The UN's panel of climate scientists said on Monday it would probe claims its doomsday prediction for the disappearance of Himalayan glaciers was wrong as an expert said he had warned of the mistake.
The Nobel-winning Intergovernmental Panel on Climate Change (IPCC) is already under attack over hacked email exchanges which skeptics say reflected attempts to skew the evidence for global warming.
The new controversy focusses on a reference in the IPCC's landmark Fourth Assessment Report in 2007 that said the probability of glaciers in the Himalayas "disappearing by the year 2035 and perhaps sooner is very high."
At the weekend, Britain's Sunday Times newspaper reported that this reference came from the green campaign group WWF, which in turn took it from an interview given by an Indian glaciologist to New Scientist magazine in 1999.
There is no evidence that the claim was published in a peer-reviewed journal, a cornerstone of scientific credibility, it said.
"We are looking into the issue of the Himalayan glaciers, and will take a position on it in the next two or three days," the IPCC's chairman, Rajendra Pachauri, said in an email to AFP.
In an interview with AFP, a leading glaciologist who contributed to the Fourth Assessment Report described the mistake as huge and said he had notified his colleagues of it in late 2006, months before publication.
Loss of the Himalayan glaciers by 2035 would take two or three times the highest expected rate of global warming, said Georg Kaser of the Geography Institute at Austria's University of Innsbruck.
"This number is not just a little bit wrong, but far out of any order of magnitude. It is as wrong as can be wrong.
"To get this outcome, you would have to increase the ablation [ice loss] by 20 fold. You would have to raise temperatures by at least 12 degrees" Celsius, or 21.6 degrees Fahrenheit.
"It is so wrong that it is not even worth discussing... I pointed it out."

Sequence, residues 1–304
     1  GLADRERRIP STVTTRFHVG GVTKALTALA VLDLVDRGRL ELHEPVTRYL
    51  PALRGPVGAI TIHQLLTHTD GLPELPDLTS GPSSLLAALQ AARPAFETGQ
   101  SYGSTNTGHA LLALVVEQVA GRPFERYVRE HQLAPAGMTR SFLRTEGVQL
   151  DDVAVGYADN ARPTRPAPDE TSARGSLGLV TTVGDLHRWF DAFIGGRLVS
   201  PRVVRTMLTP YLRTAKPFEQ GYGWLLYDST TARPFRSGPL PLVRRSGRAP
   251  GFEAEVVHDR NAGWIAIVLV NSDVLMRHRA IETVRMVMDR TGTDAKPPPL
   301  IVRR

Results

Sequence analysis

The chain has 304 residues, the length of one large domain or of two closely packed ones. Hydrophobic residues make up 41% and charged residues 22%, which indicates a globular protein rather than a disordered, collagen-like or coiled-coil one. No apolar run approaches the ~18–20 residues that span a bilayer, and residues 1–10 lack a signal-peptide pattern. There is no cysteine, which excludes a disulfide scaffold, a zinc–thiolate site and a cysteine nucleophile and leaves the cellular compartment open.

Asked why his warning had not been heeded, Kaser pointed to "a kind of amateurism" among experts from the region who were in charge of the chapter on climate impacts, where the reference appeared.
"They might have been good hydrologists or botanists, but they were without any knowledge in glaciology," he said.
The Fourth Assessment Report said that the evidence for global warming was now "unequivocal," that the chief source for it was man-made and that there were already signs of climate change, of which glacial melt was one.
The massive publication had the effect of a political thunderclap, triggering promises to curb greenhouse gases that had stoked the problem.
Kaser said the core evidence of the Fourth Assessment Report remained incontrovertible.
"I am careful in saying this, because immediately people will again engage in IPCC bashing, which would be wrong," he said.
But he acknowledged that the process of peer review, scrutiny and challenge which underpin the IPCC's reputation had "entirely failed" when it came specifically to the 2035 figure.
The 2035 reference appeared in the second volume of the Fourth Assessment Report, a tome published in April 2007 that focussed on the impacts of climate change, especially on human communities.
Part of the problem, said Kaser, was "everyone was focussed" on the first volume, published in February 2007, which detailed the physical science for climate change.
Work on this volume was "much more attractive to the community" of glaciologists, and they had failed to pick up on the mistake that appeared in the second, he said.
The question of glacial melt is a vital one for South Asia, as it touches on flooding or water stress with the potential to affect hundreds of millions of lives.
Indian Environment Minister Jairam Ramesh has repeatedly challenged the IPCC's claims.
The IPCC came under ferocious attack from climate skeptics last month ahead of the UN conference in Copenhagen.
Emails from scientists at Britain's University of East Anglia, a top centre for climate research, were leaked and seized upon as evidence that experts twisted data in order to dramatise global warming.
Some of the thousands of messages expressed frustration at the scientists' inability to explain what they described as a temporary slowdown in warming. Pachauri has vowed to investigate the affair.
Explore further: Sunlight, not microbes, key to CO2 in Arctic